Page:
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Harmonic Motion

Harmonic Motion

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Harmonic Motion

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  1. Harmonic Motion AP Physics C

  2. Springs are like Waves and Circles The amplitude, A, of a wave is the same as the displacement ,x, of a spring. Both are in meters. CREST Equilibrium Line Period, T, is the time for one revolution or in the case of springs the time for ONE COMPLETE oscillation (One crest and trough). Oscillations could also be called vibrations and cycles. In the wave above we have 1.75 cycles or waves or vibrations or oscillations. Trough Ts=sec/cycle. Let’s assume that the wave crosses the equilibrium line in one second intervals. T =3.5 seconds/1.75 cycles. T = 2 sec.

  3. Frequency The FREQUENCY of a wave is the inverse of the PERIOD. That means that the frequency is the #cycles per sec. The commonly used unit is HERTZ(HZ).

  4. Recall: Hooke’s Law Here is what we want to do: DERIVE AN EXPRESSION THAT DEFINES THE DISPLACEMENT FROM EQUILIBRIUM OF THE SPRING IN TERMS OF TIME. WHAT DOES THIS MEAN? THE SECOND DERIVATIVE OF A FUNCTION THAT IS ADDED TO A CONSTANT TIMES ITSELF IS EQUAL TO ZERO. What kind of function will ALWAYS do this?

  5. A SINE FUNCTION!

  6. Putting it all together: The bottom line Since all springs exhibit properties of circle motion we can use these expressions to derive the formula for the period of a spring.

  7. The simple pendulum If the angle is small, the “radian” value for theta and the sine of the theta in degrees will be equal. mgcosq q mg mgsinq A simple pendulum is one where a mass is located at the end of string. The string’s length represents the radius of a circle and has negligible mass. Once again, using our sine function model we can derive using circular motion equations the formula for the period of a pendulum.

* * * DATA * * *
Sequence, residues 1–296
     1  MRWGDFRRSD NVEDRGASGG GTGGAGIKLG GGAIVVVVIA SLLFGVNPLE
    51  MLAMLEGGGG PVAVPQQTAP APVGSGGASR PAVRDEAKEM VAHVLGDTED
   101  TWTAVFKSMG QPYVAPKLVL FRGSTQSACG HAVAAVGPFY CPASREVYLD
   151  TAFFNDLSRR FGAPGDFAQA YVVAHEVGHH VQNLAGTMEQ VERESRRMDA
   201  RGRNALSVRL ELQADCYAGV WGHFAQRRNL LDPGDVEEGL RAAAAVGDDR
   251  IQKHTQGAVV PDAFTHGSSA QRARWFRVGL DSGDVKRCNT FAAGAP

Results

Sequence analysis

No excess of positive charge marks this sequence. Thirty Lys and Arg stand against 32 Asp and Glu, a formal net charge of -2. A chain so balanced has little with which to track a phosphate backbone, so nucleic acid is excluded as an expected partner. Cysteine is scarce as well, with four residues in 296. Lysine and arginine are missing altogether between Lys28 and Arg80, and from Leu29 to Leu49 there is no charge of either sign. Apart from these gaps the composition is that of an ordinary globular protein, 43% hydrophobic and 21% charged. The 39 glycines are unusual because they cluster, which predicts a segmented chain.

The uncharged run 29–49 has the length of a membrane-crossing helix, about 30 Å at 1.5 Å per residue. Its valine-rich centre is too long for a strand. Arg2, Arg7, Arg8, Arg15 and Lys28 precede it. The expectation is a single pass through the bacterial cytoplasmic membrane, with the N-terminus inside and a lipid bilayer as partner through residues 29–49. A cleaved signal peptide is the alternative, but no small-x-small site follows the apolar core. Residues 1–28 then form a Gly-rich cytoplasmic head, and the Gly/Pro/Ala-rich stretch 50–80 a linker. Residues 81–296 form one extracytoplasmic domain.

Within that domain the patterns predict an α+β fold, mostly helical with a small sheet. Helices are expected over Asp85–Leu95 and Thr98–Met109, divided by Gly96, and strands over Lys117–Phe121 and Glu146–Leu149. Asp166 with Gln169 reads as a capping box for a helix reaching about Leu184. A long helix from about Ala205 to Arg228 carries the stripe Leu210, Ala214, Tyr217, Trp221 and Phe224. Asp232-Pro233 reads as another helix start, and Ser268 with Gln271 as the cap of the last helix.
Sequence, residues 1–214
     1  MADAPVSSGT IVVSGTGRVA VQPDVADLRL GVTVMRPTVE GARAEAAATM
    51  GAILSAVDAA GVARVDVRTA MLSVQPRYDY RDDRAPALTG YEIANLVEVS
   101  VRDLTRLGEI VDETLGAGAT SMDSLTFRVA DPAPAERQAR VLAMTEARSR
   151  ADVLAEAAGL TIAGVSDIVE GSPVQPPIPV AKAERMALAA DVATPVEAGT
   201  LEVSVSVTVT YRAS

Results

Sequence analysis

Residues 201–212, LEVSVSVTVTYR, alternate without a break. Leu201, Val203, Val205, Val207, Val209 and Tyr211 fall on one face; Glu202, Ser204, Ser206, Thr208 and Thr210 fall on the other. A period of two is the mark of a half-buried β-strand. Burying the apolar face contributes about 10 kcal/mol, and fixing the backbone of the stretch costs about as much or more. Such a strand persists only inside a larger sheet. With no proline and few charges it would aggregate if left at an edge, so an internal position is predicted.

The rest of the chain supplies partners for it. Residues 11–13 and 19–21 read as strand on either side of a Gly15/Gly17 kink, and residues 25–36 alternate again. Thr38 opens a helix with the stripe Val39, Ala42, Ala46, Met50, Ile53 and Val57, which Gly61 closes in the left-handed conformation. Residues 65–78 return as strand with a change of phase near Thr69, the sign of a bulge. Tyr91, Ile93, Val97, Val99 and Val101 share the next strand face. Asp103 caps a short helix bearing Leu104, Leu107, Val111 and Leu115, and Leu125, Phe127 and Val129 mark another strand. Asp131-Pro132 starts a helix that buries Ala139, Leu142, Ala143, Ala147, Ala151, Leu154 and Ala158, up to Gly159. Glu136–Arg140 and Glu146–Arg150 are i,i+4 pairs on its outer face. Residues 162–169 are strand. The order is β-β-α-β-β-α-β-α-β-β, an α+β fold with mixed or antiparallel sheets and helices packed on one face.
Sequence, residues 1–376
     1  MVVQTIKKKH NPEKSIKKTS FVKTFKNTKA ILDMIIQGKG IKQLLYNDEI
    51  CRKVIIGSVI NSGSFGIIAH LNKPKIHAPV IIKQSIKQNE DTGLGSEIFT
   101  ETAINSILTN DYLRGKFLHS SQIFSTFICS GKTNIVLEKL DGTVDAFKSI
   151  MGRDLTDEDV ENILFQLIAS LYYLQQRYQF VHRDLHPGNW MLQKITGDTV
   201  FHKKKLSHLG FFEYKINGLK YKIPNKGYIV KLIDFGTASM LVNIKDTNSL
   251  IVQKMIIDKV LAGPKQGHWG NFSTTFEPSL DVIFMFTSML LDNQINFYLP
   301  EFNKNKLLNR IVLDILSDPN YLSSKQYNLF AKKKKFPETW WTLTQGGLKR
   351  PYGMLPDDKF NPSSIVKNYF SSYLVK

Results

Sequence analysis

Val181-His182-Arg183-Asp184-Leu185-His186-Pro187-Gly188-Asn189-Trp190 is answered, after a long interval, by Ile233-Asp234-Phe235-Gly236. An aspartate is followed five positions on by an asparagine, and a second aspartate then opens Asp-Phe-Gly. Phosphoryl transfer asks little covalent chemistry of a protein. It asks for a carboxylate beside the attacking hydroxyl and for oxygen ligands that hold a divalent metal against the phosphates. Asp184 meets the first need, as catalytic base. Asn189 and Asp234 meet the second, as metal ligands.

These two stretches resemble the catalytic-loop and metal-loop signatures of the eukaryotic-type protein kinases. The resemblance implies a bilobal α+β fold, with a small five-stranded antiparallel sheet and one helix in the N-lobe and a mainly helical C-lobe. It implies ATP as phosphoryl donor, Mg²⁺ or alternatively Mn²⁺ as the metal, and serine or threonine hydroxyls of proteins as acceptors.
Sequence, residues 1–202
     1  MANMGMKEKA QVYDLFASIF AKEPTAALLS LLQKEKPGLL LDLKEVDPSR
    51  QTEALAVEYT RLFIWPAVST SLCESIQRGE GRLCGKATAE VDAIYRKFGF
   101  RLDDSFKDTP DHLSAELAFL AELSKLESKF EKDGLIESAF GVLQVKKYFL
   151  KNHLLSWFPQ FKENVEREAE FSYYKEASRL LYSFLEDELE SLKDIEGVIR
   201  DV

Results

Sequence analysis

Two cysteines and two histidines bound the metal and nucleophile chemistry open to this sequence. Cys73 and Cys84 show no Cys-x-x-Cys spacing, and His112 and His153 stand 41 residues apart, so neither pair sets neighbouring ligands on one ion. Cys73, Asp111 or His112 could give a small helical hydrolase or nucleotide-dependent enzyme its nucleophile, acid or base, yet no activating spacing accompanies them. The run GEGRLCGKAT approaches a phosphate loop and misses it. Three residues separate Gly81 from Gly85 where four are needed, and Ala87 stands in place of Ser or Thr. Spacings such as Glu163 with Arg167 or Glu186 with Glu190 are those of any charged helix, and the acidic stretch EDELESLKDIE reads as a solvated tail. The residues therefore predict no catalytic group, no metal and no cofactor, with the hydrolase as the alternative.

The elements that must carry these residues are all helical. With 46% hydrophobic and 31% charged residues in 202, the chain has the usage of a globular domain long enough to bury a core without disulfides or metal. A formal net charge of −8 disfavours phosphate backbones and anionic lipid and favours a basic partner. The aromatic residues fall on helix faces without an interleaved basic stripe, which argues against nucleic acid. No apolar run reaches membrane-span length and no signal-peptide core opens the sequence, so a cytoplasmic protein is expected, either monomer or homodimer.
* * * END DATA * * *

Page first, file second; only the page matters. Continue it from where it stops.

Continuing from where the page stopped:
8. The Physical Pendulum A physical pendulum is an oscillating body that rotates according to the location of its center of mass rather than a simple pendulum where all the mass is located at the end of a light string. It is important to understand that “d” is the lever arm distance or the distance from the COM position to the point of rotation. It is also the same “d” in the Parallel Axes theorem.

  9. Example A spring is hanging from the ceiling. You know that if you elongate the spring by 3.0 meters, it will take 330 N of force to hold it at that position: The spring is then hung and a 5.0-kg mass is attached. The system is allowed to reach equilibrium; then displaced an additional 1.5 meters and released. Calculate the: Spring Constant 110 N/m Angular frequency 4.7 rad/s

  10. Example A spring is hanging from the ceiling. You know that if you elongate the spring by 3.0 meters, it will take 330 N of force to hold it at that position: The spring is then hung and a 5.0-kg mass is attached. The system is allowed to reach equilibrium; then displaced an additional 1.5 meters and released. Calculate the: Amplitude Stated in the question as 1.5 m Frequency and Period 0.75 Hz 1.34 s

  11. Example A spring is hanging from the ceiling. You know that if you elongate the spring by 3.0 meters, it will take 330 N of force to hold it at that position: The spring is then hung and a 5.0-kg mass is attached. The system is allowed to reach equilibrium; then displaced an additional 1.5 meters and released. Calculate the: Total Energy 123.75 J Maximum velocity 7.05 m/s

  12. Example A spring is hanging from the ceiling. You know that if you elongate the spring by 3.0 meters, it will take 330 N of force to hold it at that position: The spring is then hung and a 5.0-kg mass is attached. The system is allowed to reach equilibrium; then displaced an additional 1.5 meters and released. Calculate the: Position of mass at maximum velocity At the equilibrium position Maximum acceleration of the mass 33.135 m/s/s Position of mass at maximum acceleration At maximum amplitude, 1.5 m